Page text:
• Tim D.

    Spiffy.  It’s always nice when religious ideas are given the treatment they deserve….which is to say, the same treatment as every other idea.

  • Tom

    I am relieved to hear that this is the case for West Point.  But upon chewing on this some more, I think that if any subject would maintain it’s intelectual quality at a perhaps conflicted university, it would be philosophy.  Professors would be able to argue well against people trying to corrupt their standards.  There are smart people who attend and teach at West Point, and I’m sure you’d find them in this class.  You would not be able to survive well in such a class if there were secular students using the arguments you are learning well.

    I could be wrong, but I don’t imagine many people take philosophy of religion at a heavily engineering-oriented school.  The class is not a blip on the radar, and can thus stay out of trouble with the power players trying to insert religion.

    Unfortunately officers are not out the influence of religion in the military.  My best friend from high school attended and spent only a few years serving before he was injured and had to come home.  Sometime between the end of high school and his return home he had changed from the mostly secular skeptic I knew to a more faith-endorsing man.

  • Kate Donovan

    I appear to have missed out on mentioning that this is actually a required class for anyone studying philosophy. However, I don’t have the demographics on how many students that is.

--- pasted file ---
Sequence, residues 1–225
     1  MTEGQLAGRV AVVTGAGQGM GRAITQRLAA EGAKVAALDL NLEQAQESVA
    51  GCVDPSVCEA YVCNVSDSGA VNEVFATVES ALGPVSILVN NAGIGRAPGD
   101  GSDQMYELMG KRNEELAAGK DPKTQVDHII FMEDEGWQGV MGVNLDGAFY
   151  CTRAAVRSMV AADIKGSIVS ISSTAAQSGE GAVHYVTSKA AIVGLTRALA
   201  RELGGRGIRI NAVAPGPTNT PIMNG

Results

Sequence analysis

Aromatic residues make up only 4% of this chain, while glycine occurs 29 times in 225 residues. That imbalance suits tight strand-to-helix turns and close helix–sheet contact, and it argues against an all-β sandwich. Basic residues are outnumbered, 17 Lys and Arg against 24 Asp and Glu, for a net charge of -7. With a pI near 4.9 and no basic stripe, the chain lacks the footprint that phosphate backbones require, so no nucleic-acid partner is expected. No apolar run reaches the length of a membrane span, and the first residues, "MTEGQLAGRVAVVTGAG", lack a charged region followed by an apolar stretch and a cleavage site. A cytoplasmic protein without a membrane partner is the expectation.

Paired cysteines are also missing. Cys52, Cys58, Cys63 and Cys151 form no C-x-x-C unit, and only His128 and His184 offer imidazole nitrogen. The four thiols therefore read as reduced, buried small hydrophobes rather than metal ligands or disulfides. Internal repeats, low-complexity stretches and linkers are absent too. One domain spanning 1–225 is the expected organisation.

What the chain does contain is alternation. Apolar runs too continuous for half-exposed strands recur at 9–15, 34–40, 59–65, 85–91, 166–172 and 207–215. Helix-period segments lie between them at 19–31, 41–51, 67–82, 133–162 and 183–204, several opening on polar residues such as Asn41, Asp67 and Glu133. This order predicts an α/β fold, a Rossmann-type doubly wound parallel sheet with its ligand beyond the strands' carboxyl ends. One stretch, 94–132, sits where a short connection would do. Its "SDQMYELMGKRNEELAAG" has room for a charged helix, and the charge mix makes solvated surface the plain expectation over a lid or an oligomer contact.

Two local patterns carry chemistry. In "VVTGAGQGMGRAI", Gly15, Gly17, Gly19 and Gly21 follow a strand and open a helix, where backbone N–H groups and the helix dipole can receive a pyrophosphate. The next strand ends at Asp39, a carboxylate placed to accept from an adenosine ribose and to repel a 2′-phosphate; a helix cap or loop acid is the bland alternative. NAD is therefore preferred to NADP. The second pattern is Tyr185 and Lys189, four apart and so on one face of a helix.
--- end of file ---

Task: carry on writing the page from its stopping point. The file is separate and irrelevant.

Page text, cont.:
• This does seem fine to me, at least at face value, and I’m glad you give credit where it’s due.

    I would say that I wouldn’t even expect the instructor to keep his/her own beliefs out of the classroom. When I was a student majoring in Philosophy, I actually appreciated knowing  where my instructors were coming from. It was a bit of a truth-in-advertising thing for me; it helped me put their comments in perspective. Also, I figure anyone who has put enough time into the subject to become a philosophy professor ought to have earned enough credibility to make their own view worth considering (and if not, then we have a real problem). I do expect a light touch, and I expect the grading criteria (and rules for discussion) to leave room for reasonable disagreement on the key issues, but the last thing in the world I would want to see in a philosophy class is an expectation that the instructor would be expected to achieve stock neutrality.

    When I took a class in Philosophy of Religion my last year as an undergrad, teh instructor, Francis Beckwith was an Evangelican Christian. He made no secret of this, nor did I conceal my atheism. …it was one of the best classes I ever took.

  • Joe

    I’d like to add my experience as a cadet at a service academy to the discussion. I did not attend West Point, but rather the Air Force Academy (which has come under even more fire about religious indoctrination than West Point). From my experience, and from what I have heard from others, the service academies are aware that they cannot evangalise without being outed and punished.